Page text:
Beth Simone Noveck, former (and the first) deputy chief technology officer of the United States, is an attorney and law professor who works to shape governance in the Internet age. Noveck, who presented at TEDGlobal, advises governments on effectively using technology to build transparency, participation, and collaboration. Noveck recently spoke with Hannah Piercey.
HP: How do you define “radical openness” in respect to your work?
For me, it refers to the move that we must make from hierarchical, centralized, concentrated, enclosed institutions, whether they’re government or corporations, to open, collaborative, transparent organizations. If we want be effective in the way that we work, we have to do so in an open way. It’s not only about shifting the default on data publication from closed to open but about shifting the default of how we make decisions and how we spend money.
HP: What would a radically open data ecosystem look like?
BN: If we believe in the importance of creating more participatory and open ways of working, deciding, and doing then we need radically open data in order to inform more distributed and open decision-making. In the old model of how we regulated, governments would order companies whether or not to do something. Now we have new techniques of combining law, policy, and open data to get companies to become more transparent. This enables other people to build apps and visualizations on top of that data to empower consumers to make more informed decisions. It’s a new way of affecting human behavior, affecting change, and creating accountability.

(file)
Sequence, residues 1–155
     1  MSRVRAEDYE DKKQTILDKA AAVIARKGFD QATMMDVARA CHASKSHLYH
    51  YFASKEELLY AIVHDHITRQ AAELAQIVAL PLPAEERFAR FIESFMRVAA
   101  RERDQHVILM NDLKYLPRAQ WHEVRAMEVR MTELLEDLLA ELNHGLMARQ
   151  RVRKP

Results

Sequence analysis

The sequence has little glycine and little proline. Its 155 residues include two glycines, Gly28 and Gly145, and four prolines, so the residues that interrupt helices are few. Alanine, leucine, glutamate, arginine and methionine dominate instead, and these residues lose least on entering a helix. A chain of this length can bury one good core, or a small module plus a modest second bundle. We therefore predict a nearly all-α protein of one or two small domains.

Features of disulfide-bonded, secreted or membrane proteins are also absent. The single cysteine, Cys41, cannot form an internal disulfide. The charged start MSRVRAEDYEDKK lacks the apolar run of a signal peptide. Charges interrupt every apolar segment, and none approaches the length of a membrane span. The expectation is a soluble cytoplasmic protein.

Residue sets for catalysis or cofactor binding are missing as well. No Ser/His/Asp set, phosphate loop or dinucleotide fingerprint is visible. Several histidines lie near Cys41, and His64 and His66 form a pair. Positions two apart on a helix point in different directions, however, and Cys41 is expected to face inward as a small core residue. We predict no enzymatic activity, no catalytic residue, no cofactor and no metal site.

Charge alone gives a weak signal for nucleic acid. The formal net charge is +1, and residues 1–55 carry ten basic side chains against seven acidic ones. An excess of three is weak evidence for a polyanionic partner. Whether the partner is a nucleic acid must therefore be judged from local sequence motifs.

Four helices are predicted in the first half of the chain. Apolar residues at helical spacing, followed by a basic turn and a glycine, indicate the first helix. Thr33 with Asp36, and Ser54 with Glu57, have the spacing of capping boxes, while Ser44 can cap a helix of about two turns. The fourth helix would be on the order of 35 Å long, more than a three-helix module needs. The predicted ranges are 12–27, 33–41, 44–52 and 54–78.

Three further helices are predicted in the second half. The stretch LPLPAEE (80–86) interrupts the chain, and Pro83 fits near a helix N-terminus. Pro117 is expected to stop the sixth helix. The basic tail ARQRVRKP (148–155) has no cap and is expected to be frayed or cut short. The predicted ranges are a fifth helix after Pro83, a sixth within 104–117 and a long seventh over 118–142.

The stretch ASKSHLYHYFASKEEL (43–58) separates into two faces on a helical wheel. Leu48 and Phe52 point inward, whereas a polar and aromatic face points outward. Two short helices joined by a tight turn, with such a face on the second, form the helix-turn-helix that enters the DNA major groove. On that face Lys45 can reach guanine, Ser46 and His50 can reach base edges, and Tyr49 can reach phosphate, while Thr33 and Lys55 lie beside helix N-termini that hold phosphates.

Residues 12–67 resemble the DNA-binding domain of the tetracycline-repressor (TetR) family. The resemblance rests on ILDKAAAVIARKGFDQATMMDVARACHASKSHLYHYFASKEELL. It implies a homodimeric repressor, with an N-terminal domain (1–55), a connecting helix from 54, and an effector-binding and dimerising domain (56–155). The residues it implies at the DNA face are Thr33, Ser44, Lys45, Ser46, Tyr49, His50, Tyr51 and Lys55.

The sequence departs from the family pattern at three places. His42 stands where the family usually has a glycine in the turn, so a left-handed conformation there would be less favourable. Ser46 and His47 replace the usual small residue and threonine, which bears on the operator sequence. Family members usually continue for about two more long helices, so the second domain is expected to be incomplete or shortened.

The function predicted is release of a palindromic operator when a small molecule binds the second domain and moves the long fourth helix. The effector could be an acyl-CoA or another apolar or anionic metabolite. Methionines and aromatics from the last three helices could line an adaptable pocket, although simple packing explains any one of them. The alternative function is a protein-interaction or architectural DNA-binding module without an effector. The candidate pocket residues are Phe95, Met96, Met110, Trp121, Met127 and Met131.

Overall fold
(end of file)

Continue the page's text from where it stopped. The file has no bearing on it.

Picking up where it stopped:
HP: Data is often siloed in traditional, hierarchical institutions where it seems like it would be challenging to effectively cultivate an open ethos. Do you believe it’s feasible to “hack” our current institutions or will there need to be a wider cultural shift?
BN: I think the proof is in the doing. The more that we can open up data and use that data in new ways to solve problems and improve the quality of life for people, the more strongly we can make the case that we ought to have more open data. It’s neither free nor easy to move from a world of paper-based information to open, digital, and computable data. That’s not always because of political impediments or resistance to transparency. It’s simply costly. It’s hard to go from often 19th century processes designed for moving paper through complex, labyrinthine bureaucracies to e-filing documents, publishing them in a computable form, making bulk data available, updating and cleaning that data to make it usable for people, making people aware of that data, and encouraging them to use it to good ends. The more we can do it and demonstrate value, the more we can make the case that it’s worth the cost.
HP: While data transparency is crucial, in many ways it is only a starting point. What needs to happen to information to make it accessible on a wide-scale? How do you connect with people using data?
BN: Data by itself really matters very little. Data acts as a conversation starter. It’s an impetus for getting people together to solve problems and develop new tools using information. Not everybody is a data geek, not everybody can build an app or is interested in building an app. What we’re going to need to do is first train many more data-savvy people and technically savvy people to use and work with data.